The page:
LOWER EAST SIDE — Local activists blasted a massive luxury development on the East River waterfront Tuesday morning, calling it “racist” and saying that it “needs to go.”
More than 80 members of seven community groups crowded the sidewalk across from the construction site of a new luxury tower being built by the Extell Development Company at the corner of Cherry and Pike streets, where they held signs and shouted chants.
“Anti-displacement is what we need, say 'Hell no' to Extell greed,” shouted the crowd, which represented the Asian American Legal Defense and Education Fund, Chinatown Tenants Union, Chinese Staff and Workers Association, CAAAV Organizing Asian Communities, Good Old Lower East Side (GOLES), Mujeres Y Hombres Luchadoras and the National Mobilization Against Sweatshops.
The groups fear the tower will exacerbate the neighborhood’s gentrification and push out the area’s predominantly low- and middle-income minority population.
The neighborhood already lost its only affordable supermarket in the area when the Pathmark, which used to sit where the tower is now being built, shut down in 2013, the activists said.
The crowd also criticized the developer’s plan to build a separate “poor door” tower on the site, which would contain 205 affordable units, according to DOB records.
“The working families are being squeezed more than ever. We are being treated like second-class citizens in our own community,” said Wendy Cheung from the Chinese Staff and Workers Association, who grew up in the nearby Vladeck Houses.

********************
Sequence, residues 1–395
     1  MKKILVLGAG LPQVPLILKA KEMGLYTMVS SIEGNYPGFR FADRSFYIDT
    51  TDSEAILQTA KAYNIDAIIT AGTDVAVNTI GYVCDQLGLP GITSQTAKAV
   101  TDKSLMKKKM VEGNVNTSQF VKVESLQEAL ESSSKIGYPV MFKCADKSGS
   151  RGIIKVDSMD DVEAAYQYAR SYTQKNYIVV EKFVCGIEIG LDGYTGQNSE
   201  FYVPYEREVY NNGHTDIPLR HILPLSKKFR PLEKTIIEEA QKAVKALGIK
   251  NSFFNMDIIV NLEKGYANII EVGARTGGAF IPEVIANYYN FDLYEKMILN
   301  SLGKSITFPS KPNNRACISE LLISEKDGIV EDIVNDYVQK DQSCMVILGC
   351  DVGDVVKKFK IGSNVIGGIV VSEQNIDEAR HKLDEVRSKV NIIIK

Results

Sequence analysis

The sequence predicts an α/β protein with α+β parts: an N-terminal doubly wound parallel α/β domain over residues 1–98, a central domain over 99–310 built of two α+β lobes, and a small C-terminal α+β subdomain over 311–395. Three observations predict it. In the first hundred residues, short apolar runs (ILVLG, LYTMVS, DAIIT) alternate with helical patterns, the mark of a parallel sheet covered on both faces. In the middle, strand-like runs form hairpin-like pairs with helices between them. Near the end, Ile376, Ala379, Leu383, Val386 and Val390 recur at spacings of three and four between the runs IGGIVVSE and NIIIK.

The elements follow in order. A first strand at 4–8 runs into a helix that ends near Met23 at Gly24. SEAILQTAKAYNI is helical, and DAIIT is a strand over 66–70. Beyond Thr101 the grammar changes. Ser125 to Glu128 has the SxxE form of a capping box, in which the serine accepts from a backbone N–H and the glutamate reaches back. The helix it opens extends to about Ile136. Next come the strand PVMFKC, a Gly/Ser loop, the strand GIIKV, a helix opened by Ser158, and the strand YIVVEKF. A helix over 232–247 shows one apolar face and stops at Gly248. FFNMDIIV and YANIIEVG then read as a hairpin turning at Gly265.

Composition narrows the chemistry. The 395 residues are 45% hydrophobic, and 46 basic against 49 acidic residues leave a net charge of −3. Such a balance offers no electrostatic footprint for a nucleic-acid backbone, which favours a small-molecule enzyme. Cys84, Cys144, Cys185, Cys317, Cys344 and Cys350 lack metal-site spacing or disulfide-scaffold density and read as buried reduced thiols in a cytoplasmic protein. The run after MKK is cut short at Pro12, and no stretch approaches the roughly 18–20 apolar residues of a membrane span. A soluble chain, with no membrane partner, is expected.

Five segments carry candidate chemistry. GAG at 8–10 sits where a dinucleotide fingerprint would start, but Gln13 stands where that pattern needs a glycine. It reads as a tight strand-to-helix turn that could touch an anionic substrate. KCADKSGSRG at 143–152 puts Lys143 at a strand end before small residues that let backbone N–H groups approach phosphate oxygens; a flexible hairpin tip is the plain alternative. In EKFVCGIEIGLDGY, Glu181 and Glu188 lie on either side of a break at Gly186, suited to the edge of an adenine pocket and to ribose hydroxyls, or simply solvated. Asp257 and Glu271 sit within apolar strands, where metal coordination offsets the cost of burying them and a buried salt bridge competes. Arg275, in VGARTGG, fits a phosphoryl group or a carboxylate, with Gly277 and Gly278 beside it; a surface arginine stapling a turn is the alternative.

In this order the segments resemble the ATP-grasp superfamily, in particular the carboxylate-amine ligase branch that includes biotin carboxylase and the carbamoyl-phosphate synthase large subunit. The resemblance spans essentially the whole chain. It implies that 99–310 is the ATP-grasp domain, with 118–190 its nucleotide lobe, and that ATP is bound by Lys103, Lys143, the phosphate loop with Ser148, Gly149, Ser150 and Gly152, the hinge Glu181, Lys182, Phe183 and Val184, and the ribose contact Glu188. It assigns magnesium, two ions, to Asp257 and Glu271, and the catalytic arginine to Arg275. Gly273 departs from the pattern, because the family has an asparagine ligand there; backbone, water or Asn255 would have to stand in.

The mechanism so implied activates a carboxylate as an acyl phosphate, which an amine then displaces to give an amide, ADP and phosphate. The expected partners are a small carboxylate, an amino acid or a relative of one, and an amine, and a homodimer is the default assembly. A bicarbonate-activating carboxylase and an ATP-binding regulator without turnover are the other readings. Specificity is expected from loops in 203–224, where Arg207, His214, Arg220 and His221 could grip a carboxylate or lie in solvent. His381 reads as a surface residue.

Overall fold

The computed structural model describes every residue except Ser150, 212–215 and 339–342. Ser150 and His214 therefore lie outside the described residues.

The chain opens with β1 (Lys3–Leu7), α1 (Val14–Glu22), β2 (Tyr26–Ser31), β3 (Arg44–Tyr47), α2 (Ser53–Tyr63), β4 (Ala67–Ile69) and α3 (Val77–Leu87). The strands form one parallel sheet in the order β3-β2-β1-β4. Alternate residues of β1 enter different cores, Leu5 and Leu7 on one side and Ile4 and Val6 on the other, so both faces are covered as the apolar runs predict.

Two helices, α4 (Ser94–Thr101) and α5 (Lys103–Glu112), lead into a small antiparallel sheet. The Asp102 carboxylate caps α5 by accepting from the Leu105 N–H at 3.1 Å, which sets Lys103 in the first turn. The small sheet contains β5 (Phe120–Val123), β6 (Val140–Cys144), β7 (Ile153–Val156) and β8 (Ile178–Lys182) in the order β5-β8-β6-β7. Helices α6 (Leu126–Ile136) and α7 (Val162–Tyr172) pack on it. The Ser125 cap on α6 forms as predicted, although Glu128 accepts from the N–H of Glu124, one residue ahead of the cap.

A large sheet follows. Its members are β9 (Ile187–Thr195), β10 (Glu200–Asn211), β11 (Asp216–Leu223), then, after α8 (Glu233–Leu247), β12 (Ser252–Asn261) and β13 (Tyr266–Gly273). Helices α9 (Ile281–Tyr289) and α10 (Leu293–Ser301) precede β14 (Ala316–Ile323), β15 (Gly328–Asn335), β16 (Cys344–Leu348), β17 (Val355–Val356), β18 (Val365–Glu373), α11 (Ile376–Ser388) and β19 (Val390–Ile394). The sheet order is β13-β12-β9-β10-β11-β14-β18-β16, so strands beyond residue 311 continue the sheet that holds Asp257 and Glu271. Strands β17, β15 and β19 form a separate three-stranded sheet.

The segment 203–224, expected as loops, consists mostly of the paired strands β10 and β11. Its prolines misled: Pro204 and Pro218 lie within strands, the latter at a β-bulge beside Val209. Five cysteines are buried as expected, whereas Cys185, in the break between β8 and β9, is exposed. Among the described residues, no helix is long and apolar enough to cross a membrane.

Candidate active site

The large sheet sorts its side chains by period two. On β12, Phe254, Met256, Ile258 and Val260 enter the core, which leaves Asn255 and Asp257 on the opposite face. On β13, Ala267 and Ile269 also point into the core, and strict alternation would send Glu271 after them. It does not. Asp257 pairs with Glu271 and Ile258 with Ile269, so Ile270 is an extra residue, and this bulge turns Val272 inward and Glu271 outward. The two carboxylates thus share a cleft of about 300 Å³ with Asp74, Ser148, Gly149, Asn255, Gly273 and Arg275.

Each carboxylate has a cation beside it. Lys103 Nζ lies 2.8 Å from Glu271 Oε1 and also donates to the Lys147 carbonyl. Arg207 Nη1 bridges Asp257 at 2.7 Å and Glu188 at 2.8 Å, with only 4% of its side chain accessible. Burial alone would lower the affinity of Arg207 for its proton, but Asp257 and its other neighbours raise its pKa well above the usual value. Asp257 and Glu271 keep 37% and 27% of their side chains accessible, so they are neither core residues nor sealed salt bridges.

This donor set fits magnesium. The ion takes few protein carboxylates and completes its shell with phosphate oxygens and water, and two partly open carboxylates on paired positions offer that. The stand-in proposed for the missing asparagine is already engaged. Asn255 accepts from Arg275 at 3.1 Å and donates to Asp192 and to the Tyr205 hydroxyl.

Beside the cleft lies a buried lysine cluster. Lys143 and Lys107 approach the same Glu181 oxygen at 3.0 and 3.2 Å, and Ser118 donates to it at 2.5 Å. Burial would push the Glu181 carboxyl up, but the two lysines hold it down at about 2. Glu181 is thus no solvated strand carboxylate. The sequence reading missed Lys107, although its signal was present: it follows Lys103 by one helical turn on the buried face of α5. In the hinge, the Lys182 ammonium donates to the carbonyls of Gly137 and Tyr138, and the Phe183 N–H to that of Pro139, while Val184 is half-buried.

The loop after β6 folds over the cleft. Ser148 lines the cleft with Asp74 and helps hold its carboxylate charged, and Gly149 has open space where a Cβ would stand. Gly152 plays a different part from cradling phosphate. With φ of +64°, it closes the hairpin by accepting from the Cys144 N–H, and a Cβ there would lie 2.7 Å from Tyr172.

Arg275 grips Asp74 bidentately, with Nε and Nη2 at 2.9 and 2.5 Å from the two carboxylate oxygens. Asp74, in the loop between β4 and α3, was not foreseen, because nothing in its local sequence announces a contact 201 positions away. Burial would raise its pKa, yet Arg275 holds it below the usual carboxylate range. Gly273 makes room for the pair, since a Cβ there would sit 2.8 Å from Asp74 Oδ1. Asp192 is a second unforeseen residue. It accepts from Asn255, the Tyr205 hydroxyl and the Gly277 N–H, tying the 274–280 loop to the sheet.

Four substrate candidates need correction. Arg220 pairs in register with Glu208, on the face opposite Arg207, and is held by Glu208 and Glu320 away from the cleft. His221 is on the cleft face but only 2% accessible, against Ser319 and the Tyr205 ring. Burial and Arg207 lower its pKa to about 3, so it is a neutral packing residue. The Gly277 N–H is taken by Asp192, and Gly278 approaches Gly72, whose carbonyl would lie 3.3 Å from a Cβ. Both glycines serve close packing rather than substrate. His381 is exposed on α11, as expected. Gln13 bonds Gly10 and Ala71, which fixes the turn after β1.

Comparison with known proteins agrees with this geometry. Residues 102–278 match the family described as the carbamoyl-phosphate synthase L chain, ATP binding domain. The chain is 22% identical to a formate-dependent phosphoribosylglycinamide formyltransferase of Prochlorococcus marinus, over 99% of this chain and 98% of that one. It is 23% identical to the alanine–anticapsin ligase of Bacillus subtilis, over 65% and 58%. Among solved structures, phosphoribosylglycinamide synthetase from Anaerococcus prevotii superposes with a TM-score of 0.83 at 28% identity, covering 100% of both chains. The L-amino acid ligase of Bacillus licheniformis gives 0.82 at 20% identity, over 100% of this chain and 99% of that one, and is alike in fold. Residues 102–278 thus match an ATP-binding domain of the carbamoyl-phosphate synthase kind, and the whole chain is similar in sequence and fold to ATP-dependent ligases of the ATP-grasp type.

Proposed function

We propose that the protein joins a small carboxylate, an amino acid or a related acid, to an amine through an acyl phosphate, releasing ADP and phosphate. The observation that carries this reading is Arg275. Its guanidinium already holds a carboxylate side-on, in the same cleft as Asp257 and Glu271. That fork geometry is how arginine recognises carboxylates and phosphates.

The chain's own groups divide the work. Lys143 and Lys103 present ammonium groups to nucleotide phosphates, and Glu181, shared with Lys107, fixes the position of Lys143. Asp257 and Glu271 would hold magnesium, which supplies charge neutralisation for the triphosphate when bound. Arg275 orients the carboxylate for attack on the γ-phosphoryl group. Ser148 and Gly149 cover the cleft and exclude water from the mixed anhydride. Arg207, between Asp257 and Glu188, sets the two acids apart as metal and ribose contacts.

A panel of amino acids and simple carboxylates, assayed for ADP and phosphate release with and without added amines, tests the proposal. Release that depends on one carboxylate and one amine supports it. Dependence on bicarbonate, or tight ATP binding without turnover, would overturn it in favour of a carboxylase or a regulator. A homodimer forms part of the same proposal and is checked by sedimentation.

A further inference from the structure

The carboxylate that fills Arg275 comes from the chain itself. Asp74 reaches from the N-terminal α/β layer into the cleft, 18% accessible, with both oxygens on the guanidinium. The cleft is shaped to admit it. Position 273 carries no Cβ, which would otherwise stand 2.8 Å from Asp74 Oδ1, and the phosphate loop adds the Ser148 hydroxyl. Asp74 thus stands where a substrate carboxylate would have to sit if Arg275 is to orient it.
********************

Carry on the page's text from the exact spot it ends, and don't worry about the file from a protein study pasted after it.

Extell purchased the site for $103 million in early 2013, records show, and demolished the supermarket last year. The developer declined to comment.
A sign at the construction site said the tower would be 71-stories tall but Extell currently has a permit to build a 68-story luxury building, according to a Department of Buildings spokesman.
The developer applied to lower its height to 56 stories last month. The application has not been approved and no permits have been issued, he said.
The DOB spokesman referred all questions about the proposed amendment's impact on the affordable housing tower to the Department of Housing Preservation and Development. HPD did not immediately respond to a request for comment.
The community groups called on Mayor Bill de Blasio to halt construction and asked him and the Department of City Planning to back a rezoning plan created by the Chinatown Working Group, a coalition of more than 50 local organizations created that included most of the ones at the rally.
The plan — a yearslong effort by the coalition — aims to preserve affordable housing and prevent overdevelopment of Chinatown and parts of the Lower East Side and East Village, the groups said.
The mayor’s office referred questions about the rezoning plan to the Department of City Planning.
DCP Director Carl Weisbrod previously called the plan “a far-reaching proposal” and said it was "not feasible at this time" in a February letter to Community Board 3 Chair Gigi Li.
CB3 is reviewing the CWG plan and the needs of the community "to arrive at a consensus about the future of the neighborhood and potential land use changes it might seek," a DCP spokeswoman said.
The study is on the board's agenda next month, district manager Susan Stetzer said.
Moving forward, the groups said they planned to rally across from the construction site on the last Wednesday of every month to protest the development and call on the city to support the rezoning plan.
“We built this damn community and we’re going to stay,” said David Tieu from the National Mobilization Against Sweatshops.